Raising animals for slaughter
Posted: February 17th, 2021- Nathan, the Land Manager
Recently we took our two hogs, Tubby and Wubby, to the meat processors. One of the reasons Cynthia and I feel it is important to raise our own meat is so that we can have a high degree of control over how the many moments of each animal’s life are experienced by the animals themselves. It is a very visceral thing to kill and eat another living thing. Causing that to be done to an animal you nurtured can make that even harder. It is something that many of us … indeed most of us … spend very little time actually thinking about.
Of course we all cringe a little inside when we see a story about the awfulness that is factory farmed meat. Whether it is the concentrated animal feedlots of the midwest or the warehouses of chickens lodged on family farms across the piedmont of North Carolina, we know, when we let ourselves consider it, that eating animals raised in these ways is not okay. This is not a right relationship with the animal world.
Raising animals with compassion is hard, and it is not for everyone. It can be so easy to just ignore the reality and disconnect from the animals themselves, but we believe this does a real disservice to the animals, and to us. If we wish to continue eating meat as individuals and as society, it is imperative that we pursue all avenues for raising those animals ethically. There is a strange catch 22 here, though. Cynthia and I have found that the more we engage with the animals we are raising, the more we learn about the depth of intellect and understanding that these animals can possess. Learning from them how to better provide what they need is crucial to our success as we move towards a more sustainable future. Yet that only makes it harder to resolve the internal distress that results from ultimately taking that one last trip together.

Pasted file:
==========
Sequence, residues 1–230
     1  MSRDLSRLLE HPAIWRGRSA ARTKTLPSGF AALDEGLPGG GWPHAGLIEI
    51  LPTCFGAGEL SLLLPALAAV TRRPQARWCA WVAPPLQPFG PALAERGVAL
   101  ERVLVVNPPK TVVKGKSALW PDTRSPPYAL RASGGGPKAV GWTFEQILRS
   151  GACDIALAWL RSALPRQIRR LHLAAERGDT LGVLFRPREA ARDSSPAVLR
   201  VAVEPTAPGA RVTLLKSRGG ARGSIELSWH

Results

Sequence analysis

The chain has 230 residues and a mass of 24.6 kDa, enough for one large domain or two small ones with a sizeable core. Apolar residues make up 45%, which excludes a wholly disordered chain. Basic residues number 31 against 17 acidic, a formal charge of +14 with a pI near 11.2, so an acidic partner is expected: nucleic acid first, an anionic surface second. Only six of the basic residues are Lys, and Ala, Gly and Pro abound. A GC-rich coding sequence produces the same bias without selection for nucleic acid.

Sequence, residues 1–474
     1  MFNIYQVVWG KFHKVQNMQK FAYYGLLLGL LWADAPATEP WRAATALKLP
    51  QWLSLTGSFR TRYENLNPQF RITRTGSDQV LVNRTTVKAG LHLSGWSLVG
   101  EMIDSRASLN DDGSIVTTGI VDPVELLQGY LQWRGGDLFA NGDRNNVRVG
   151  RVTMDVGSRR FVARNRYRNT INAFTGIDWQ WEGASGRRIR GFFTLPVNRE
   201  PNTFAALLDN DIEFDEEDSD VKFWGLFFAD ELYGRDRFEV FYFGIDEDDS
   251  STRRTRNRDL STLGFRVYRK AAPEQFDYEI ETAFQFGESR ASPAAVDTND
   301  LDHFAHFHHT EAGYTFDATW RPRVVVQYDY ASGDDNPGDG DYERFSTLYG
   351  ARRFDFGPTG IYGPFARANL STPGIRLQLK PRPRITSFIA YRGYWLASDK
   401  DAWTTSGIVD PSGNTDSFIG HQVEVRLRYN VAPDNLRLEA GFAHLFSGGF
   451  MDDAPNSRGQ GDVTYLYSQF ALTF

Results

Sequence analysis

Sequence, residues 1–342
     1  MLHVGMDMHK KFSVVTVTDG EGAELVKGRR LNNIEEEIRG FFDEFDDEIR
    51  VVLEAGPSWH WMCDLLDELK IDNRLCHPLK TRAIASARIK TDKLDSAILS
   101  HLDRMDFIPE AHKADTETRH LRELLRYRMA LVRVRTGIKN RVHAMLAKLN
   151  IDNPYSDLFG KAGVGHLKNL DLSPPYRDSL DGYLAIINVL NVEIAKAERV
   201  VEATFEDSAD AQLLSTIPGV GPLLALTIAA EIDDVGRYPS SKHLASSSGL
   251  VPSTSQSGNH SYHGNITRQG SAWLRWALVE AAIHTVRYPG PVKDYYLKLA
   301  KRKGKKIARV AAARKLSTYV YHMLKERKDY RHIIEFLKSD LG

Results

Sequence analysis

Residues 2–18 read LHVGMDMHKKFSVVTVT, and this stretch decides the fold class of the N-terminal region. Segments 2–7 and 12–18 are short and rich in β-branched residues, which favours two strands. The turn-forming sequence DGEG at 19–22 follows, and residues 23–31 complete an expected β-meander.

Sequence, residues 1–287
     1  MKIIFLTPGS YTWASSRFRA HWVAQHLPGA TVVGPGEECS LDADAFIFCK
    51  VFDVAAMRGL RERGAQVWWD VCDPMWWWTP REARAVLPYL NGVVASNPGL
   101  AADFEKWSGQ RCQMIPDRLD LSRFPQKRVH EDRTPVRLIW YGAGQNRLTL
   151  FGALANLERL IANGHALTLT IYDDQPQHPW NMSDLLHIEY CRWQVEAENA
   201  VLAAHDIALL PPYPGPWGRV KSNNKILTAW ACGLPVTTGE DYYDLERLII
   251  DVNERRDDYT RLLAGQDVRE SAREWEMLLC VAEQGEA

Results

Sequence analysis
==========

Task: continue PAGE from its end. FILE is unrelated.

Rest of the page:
I find this to be a very hard topic to write about, but I spend a lot of time thinking about it. It is crucial that we have more conversations about where our meat comes from, and what it means that it was raised however it was raised. I’d argue that the natural world is owed a pretty massive debt from humanity, and learning to listen to the non-human creatures within it is one step towards healing some of the damage that has resulted from our inability to look these problems in the eye, and accept our part in bringing about solutions.